I only pirate old games. Not new ones. I believe that if the game is being sold at the local store right now then do not pirate the games. But if the games are 20-30 years old then I don't see anything wrong with it.

I have competed in tournaments and high score challenges and speed runs and there have been many times where I just needed the rom to practice for a game and I needed easy access to such roms.

Yes, I have a collection of games for all of my systems, but sometimes just having a rom pack that allows me easy access is just way more convenient than jumping all of my own roms myself. Currently I don't even have a rom dumper.

My view point is that when games become old and the systems are no longer being supported then using a rom falls under fair use. Note that I'm not saying making money off of selling them is fair use, but using them privately is. I understand that copyright laws exists, but lets be honest here, tons of people download old NES roms off the internet all the time breaking these copyright laws. So I think that the current laws are counter productive.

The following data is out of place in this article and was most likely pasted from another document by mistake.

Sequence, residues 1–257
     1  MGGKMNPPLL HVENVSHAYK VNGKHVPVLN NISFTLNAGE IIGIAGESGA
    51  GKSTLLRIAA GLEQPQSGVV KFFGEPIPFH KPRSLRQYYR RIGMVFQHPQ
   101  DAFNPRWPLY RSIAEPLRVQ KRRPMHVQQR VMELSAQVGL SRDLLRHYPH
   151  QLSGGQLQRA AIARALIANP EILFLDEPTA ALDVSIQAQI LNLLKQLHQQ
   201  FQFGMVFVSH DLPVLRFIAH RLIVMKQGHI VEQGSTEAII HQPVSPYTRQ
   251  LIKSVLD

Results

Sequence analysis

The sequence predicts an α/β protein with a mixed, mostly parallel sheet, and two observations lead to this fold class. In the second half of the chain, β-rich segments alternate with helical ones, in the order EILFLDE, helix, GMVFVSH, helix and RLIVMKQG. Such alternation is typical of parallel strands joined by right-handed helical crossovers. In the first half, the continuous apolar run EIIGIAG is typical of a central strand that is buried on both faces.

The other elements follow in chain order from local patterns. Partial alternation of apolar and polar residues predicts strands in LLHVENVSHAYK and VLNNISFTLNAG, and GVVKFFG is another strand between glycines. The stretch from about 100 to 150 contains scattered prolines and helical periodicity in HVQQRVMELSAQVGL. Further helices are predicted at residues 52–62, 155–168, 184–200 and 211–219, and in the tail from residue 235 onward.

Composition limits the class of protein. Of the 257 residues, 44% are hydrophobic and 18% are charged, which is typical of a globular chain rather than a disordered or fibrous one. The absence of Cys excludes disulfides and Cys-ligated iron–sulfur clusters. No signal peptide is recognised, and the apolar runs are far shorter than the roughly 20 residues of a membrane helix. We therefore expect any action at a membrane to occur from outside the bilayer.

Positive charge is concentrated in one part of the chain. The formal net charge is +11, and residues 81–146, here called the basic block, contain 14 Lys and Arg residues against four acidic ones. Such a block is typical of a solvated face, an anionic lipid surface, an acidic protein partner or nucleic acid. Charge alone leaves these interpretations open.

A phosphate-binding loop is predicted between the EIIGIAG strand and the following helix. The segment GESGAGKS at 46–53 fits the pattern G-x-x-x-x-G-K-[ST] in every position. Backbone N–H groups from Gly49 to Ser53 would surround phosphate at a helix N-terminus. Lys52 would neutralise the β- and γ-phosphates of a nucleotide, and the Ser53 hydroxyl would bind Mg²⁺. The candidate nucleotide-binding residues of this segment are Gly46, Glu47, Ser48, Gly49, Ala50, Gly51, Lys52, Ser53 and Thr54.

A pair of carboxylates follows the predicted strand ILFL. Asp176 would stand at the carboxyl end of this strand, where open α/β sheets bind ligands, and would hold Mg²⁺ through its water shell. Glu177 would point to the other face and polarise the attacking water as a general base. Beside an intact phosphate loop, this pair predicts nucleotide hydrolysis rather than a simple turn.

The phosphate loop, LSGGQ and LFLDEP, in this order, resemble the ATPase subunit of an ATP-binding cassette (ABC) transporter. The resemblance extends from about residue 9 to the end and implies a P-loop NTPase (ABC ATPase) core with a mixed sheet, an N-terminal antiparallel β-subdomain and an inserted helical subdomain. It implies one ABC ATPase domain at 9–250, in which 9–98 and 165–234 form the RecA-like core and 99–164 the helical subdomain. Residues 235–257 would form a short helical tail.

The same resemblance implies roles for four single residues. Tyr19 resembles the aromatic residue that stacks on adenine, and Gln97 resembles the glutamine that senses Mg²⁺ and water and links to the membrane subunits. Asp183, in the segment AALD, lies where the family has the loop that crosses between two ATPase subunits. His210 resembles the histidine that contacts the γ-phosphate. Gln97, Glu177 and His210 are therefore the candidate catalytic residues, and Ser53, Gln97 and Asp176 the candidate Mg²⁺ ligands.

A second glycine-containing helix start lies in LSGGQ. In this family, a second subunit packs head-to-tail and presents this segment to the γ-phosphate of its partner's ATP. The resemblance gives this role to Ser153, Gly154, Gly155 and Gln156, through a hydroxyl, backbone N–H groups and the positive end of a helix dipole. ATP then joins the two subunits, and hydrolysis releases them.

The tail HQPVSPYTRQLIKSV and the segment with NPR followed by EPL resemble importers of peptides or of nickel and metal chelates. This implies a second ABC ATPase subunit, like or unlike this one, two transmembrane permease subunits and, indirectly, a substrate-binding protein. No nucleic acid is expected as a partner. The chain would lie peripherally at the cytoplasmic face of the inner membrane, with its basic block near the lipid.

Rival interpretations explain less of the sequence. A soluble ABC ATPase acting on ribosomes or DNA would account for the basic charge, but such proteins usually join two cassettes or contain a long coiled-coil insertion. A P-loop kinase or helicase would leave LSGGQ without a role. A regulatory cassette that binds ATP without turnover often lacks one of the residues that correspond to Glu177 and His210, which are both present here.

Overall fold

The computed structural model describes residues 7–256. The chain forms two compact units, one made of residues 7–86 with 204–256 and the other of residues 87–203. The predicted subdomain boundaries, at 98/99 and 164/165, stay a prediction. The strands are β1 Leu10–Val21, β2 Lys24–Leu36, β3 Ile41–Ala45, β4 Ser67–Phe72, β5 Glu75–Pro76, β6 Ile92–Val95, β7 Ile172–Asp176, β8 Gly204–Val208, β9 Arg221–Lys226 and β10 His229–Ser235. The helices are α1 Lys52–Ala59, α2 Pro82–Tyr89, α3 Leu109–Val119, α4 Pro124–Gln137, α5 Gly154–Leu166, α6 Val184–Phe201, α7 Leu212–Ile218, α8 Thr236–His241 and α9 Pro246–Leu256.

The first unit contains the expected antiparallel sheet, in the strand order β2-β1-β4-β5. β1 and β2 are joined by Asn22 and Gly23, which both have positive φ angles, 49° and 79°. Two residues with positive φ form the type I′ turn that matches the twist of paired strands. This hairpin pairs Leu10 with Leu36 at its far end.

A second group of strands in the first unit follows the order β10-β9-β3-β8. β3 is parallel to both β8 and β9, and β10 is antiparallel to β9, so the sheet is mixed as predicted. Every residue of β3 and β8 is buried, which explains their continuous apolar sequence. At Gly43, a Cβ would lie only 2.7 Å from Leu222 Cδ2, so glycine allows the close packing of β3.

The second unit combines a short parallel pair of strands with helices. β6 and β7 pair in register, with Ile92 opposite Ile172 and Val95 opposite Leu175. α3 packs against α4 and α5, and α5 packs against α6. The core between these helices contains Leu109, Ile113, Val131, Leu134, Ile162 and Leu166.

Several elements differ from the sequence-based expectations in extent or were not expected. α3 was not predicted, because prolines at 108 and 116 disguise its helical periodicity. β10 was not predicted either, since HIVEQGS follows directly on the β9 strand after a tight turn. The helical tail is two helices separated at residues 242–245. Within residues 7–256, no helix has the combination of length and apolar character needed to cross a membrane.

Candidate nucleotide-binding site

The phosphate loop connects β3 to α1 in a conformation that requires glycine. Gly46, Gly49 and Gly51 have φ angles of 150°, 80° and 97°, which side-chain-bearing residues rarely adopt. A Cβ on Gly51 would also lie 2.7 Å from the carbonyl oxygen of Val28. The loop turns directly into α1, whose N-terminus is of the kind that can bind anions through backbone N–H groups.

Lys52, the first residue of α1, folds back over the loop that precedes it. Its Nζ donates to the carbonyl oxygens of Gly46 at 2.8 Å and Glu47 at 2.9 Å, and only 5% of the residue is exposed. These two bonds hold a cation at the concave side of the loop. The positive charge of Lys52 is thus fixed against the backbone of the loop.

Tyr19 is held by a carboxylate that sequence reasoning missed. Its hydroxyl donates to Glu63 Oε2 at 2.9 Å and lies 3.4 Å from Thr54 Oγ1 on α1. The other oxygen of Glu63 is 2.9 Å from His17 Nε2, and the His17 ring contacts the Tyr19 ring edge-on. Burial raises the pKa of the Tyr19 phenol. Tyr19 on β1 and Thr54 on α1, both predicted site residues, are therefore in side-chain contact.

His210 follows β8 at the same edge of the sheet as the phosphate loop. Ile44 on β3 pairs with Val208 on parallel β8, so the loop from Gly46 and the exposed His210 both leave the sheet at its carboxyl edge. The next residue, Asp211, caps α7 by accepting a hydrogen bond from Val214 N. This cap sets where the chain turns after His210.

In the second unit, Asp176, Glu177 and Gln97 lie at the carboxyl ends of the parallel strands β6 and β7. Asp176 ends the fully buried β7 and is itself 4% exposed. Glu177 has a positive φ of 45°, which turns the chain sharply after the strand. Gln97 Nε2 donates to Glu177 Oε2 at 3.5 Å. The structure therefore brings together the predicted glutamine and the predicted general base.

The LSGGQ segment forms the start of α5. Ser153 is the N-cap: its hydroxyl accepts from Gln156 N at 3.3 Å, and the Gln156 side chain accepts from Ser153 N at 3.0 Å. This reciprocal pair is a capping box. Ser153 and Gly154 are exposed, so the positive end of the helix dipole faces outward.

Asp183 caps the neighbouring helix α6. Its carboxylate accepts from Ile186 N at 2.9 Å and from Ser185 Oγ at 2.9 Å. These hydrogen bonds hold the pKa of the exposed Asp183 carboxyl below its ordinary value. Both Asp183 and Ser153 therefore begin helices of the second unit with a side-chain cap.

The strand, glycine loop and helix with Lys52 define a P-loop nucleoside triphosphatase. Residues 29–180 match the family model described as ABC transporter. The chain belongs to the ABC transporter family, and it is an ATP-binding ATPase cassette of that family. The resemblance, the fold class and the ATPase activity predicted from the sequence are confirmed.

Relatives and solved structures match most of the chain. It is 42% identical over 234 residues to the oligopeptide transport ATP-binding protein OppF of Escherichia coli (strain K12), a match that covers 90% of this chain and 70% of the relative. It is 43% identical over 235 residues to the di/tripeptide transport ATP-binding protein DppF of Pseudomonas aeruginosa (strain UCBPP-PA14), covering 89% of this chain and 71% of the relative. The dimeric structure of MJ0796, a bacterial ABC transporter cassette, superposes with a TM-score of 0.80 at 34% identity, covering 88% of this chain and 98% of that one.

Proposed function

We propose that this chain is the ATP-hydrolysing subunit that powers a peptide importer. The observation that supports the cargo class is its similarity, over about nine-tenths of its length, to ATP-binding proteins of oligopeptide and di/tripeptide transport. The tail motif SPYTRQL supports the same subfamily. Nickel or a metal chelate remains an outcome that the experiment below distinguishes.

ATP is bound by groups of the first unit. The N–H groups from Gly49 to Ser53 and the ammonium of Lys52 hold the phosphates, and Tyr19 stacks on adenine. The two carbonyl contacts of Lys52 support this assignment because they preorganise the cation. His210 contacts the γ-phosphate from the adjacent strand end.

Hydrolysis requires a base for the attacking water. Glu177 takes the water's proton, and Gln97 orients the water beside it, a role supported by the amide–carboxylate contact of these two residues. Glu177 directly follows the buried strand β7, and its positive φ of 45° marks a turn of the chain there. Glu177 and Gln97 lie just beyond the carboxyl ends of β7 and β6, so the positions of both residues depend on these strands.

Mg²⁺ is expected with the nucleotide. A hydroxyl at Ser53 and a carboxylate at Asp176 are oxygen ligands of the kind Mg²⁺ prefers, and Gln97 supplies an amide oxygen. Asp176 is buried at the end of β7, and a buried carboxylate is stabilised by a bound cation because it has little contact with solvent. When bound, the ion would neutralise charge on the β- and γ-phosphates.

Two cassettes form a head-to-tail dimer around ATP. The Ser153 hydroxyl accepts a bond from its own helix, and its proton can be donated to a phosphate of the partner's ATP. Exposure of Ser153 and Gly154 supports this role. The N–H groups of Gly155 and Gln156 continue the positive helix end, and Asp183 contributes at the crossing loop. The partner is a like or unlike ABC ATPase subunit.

You can also argue, what are laws anyway? Really in my viewpoint the only real laws that exists are the laws of physics, chemistry and math. These are the true universal laws that just simply exist. Copyright laws are human created laws and these laws are subject to change over time. In fact if you study USA copyright law its one of the most confusing set of laws that exists. The laws have changed over and over. Disney also lobbied congress men to extend the copyright law so that the old Mickey Mouse cartoons wouldn't fall into public domain for another 20 years.

Look at prohibition, in the USA at one time they banned alcohol and what did people do? They made it themselves and drank it anyway. People then realized that it was a stupid law in the first place and so it was changed. I think the same is true with video games. Instead of going against the natural flow of things go with it. Allow old games to be downloaded period. In fact I think Nintendo should offer all of their old NES, SNES and N-64 roms on their own website for FREE. By doing this it will only draw in more traffic to their site.